To worship God means to serve him. Basically there are two ways to do it. One way is to do things for Him that He needs to have done – run errands for Him, carry messages for Him, fight on His side, feed His lambs, and so on. The other way is to do things for Him that you need to do – sing songs for Him, tell Him what’s on your mind and in your heart, in general rejoice in Him.
From: Frederick Buechner
I DISCOVERED THAT IF you really keep your eye peeled to it and your ears open, if you really pay attention to it, even such a limited and limiting life as the one I was living on Rupert Mountain opened up onto extraordinary vistas. Taking your children to school and kissing your wife goodbye. Eating lunch with a friend. Trying to do a decent day’s work. Hearing the rain patter against the window. There is no event so commonplace but that God is present within it, always hiddenly, always leaving you room to recognize him or not to recognize him, but all the more fascinatingly because of that, all the more compellingly and hauntingly. . . . If I were called upon to state in a few words the essence of everything I was trying to say both as a novelist and as a preacher, it would be something like this:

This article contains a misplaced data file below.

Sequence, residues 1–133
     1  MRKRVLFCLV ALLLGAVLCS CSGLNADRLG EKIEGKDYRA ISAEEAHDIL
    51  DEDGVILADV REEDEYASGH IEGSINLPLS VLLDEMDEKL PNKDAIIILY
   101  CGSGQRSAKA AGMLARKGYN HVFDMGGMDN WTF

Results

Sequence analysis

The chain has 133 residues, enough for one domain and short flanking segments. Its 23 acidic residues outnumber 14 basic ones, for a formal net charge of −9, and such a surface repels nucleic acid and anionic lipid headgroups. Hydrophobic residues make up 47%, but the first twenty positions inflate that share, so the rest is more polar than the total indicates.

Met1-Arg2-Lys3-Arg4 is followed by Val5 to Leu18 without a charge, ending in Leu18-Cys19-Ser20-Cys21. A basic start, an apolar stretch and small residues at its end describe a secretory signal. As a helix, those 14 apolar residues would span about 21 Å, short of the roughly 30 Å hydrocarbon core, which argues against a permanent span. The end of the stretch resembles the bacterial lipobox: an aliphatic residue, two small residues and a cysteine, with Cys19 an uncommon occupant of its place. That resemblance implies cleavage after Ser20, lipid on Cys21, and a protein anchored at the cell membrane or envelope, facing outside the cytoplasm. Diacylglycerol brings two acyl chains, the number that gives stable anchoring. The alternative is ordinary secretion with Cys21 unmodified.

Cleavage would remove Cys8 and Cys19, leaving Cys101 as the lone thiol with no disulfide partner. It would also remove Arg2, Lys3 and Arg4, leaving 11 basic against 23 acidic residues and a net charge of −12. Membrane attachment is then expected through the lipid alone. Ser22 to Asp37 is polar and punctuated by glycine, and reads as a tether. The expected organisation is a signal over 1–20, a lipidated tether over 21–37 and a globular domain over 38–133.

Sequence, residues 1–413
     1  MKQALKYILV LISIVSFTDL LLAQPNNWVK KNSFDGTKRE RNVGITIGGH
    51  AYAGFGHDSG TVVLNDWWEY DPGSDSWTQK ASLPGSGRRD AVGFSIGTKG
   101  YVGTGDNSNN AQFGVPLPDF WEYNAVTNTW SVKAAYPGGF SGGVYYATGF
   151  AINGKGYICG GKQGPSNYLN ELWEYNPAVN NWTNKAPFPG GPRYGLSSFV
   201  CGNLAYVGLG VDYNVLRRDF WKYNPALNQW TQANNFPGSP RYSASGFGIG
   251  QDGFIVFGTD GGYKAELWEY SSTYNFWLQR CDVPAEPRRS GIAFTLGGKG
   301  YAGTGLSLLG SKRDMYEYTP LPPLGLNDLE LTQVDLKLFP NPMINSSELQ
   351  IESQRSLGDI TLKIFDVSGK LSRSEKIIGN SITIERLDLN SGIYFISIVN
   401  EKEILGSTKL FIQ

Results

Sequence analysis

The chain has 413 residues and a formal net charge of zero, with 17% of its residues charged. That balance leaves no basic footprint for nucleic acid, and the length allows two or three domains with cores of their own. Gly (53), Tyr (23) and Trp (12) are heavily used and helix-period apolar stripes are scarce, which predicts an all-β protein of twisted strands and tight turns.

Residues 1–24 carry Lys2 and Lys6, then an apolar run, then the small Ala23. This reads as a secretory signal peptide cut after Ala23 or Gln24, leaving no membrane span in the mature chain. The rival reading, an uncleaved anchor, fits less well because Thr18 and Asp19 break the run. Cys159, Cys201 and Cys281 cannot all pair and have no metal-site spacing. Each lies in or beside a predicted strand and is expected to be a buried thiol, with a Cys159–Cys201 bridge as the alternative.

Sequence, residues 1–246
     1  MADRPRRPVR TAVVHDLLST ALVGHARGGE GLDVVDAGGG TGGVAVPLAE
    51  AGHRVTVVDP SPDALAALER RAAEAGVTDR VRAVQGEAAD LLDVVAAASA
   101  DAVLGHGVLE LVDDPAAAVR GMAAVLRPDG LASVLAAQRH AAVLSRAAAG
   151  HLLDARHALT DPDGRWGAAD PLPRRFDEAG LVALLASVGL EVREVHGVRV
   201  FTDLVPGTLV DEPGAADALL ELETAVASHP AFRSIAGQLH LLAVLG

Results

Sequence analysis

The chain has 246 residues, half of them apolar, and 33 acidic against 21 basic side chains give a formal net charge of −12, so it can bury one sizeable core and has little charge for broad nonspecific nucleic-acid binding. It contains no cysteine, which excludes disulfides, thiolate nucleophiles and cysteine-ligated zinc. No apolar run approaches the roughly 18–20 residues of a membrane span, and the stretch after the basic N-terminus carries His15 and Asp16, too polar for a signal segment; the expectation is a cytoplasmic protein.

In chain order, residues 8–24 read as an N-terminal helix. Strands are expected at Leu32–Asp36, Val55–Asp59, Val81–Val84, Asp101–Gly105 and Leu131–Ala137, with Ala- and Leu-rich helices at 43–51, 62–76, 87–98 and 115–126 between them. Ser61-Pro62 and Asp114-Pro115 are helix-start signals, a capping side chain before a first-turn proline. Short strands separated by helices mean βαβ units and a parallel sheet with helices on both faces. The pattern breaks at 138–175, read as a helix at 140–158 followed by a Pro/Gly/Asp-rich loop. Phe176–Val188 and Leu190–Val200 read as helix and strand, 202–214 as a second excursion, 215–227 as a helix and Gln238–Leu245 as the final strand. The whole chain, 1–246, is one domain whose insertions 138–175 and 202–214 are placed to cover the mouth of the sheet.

Listen to your life. See it for the fathomless mystery that it is. In the boredom and pain of it no less than in the excitement and gladness: touch, taste, smell your way to the holy and hidden heart of it because in the last analysis all moments are key moments, and life itself is grace.
– From: Now and Then and Listening to Your Life, ( http://www.frederickbuechner.com/content/life-itself-grace )
“The Word became flesh,” wrote John, “and dwelt among us, full of grace and truth” (John 1:14). That is what incarnation means. It is untheological. It is unsophisticated. It is undignified. But according to Christianity it is the way things are.
All religions and philosophies which deny the reality or the significance of the material, the fleshly, the earth-bound, are themselves denied. Moses at the burning bush was told to take off his shoes because the ground on which he stood was holy ground (Exodus 3:5), and incarnation means that all ground is holy ground because God not only made it but walked on it, ate and slept and worked and died on it. If we are saved anywhere, we are saved here. And what is saved is not some diaphanous distillation of our bodies and our earth but our bodies and our earth themselves. Jerusalem becomes the New Jerusalem coming down out of Heaven like a bride adorned for her husband (Revelation 21:2). Our bodies are sown perishable and raised imperishable (1 Corinthians 15:42).
One of the blunders religious people are particularly fond of making is the attempt to be more spiritual than God.
From: Frederick Buechner, Wishful Thinking, p 55 ( www.frederickbuechner.com/content/wishful-thinking-page-55 )